Dry Brushing 101: Everything You Need to Know

Dry brushing is a body exfoliating method that has been done for ages in various cultures which has lately been revived. A professional gives the treatment at home or at a spa, cleaning dry skin with a special exfoliating brush to remove the top layer of dead skin cells and smooth its texture.

But is it worth a try and replacing a body scrub with a skin-friendly, even so-called magical cellulite cure? Shari Marchbein, MD, dermatologist and assistant professor at New York University School of Medicine, says that there are many claimed advantages of dry body brushing, but not all of them have real scientific evidence that backs them up.

Cellulite is a problem for many girls, and in winter dry skin is added to it. But both of these problems can be tackled with a skin detox treatment by you at your home. Just keep on reading to know everything about dry brushing.

What is Dry Brushing?

Dry brushing is an anti-cellulite therapy using body brushes to exfoliate dead skin cells. Dry brushing also improves blood circulation, the epidermis becomes softer and more elastic, and cellulite less noticeable. More importantly, the results and effectiveness of the dry brushing will be noticeable after several procedures (1-2 months).

Dry brushing should always be done from the bottom to up as lymph circulates in our bodies. A circular brushing motion is used throughout the treatment. This improves blood circulation and lymph flow, allowing the body to remove excess water and toxins from the body.
After finishing the procedure, you need to take a shower and apply an anti-cellulite product, moisturizer, lotion, oil or body milk. Additionally, brushes come in a range of shapes and sizes, but the majority of them are made with natural bristles that are gentle enough not to irritate and damage your skin. Some people prefer brushes without handles, while others use brushes with a long one. The latter is appropriate for difficult-to-reach areas (for example, the back).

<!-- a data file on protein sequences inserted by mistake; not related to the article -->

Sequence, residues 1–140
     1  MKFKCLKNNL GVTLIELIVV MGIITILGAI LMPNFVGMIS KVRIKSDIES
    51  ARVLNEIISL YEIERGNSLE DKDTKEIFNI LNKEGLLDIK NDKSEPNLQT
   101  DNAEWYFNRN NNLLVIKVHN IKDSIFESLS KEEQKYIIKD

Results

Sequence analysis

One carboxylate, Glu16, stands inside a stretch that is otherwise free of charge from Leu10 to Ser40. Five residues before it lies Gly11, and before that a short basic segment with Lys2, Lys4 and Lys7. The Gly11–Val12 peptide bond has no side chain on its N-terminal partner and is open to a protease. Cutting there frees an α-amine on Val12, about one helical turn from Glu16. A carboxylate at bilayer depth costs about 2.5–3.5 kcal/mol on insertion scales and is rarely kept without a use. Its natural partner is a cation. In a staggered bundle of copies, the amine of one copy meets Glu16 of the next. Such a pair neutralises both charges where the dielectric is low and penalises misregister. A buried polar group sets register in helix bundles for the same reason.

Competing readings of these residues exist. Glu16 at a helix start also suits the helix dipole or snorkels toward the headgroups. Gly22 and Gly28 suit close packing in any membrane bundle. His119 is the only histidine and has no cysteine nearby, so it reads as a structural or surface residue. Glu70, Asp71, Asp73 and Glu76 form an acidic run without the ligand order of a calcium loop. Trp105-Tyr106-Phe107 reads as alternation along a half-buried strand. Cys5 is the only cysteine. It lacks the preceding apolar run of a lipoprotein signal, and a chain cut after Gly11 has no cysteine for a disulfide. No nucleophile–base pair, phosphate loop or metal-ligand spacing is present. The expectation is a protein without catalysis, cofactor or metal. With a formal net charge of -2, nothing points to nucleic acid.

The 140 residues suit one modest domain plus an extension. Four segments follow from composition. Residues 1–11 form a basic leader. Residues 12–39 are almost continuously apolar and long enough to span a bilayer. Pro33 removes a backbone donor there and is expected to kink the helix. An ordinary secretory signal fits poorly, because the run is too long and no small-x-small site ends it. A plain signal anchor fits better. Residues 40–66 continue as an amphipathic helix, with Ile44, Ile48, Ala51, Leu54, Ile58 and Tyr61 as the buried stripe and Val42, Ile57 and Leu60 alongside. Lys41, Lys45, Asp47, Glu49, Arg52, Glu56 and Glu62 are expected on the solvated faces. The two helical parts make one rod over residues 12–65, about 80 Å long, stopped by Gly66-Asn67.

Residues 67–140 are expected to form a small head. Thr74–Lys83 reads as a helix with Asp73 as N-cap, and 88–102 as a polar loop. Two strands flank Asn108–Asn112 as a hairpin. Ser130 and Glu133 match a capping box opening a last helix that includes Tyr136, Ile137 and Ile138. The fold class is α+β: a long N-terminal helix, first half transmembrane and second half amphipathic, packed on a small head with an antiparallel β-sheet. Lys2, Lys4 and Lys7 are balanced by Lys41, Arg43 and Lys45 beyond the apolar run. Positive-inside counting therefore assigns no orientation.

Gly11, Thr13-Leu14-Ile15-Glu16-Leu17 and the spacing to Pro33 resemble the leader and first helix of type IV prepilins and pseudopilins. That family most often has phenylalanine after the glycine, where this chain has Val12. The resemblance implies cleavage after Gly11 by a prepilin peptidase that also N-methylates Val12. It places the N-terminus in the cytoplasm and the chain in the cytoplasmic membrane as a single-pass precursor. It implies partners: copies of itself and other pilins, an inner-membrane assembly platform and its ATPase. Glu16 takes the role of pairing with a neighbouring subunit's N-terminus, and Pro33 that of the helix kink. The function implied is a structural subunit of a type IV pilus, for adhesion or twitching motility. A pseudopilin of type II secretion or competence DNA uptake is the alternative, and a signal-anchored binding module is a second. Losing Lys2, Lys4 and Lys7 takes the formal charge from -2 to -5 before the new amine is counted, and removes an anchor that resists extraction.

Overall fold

How Does Dry Brushing Work?

Cellulite occurs when fat is pulled downward to the deeper tissues and creates an uneven surface. Dry brushing improves skin appearance by removing dead skin cells from the skin’s surface. As a result, the skin gets smoother. Anti-cellulite treatments go quickly and deeply under the skin as a result of the peeling. The increased blood circulation, in its turn, will force the products to work at full strength.

However, dry cleaning is also not suitable for everyone. If you have thin, sensitive, or very dry skin, you should avoid the process as well as body scrubs. Brushes should not be used if you have eczema and psoriasis. If there is any injury on the skin, dry brushing can cause irritation, inflammation, and worsen the skin.

You must brush your skin every day if you want to see effects from dry brushing (particularly for cellulite therapy). Dry cleaning has a short-term impact, just like any other beauty product that is not used on a regular basis. Cellulite will reappear as soon as you stop “cleansing” your skin.

What are The Benefits of Dry Brushing?

Dry brushing is believed to revitalize the body, improve circulation and blood flow, and stimulate lymphatic drainage in order to smooth the skin’s surface and get rid of cellulite. The dead cells can cause the skin to seem dead. The skin will be softer, smoother, and more luminous after removing them using a brush, which is a physical exfoliator.

Another advantage is an affordable cost. Instead of going to expensive salons, you can buy a brush once and use it for a long time.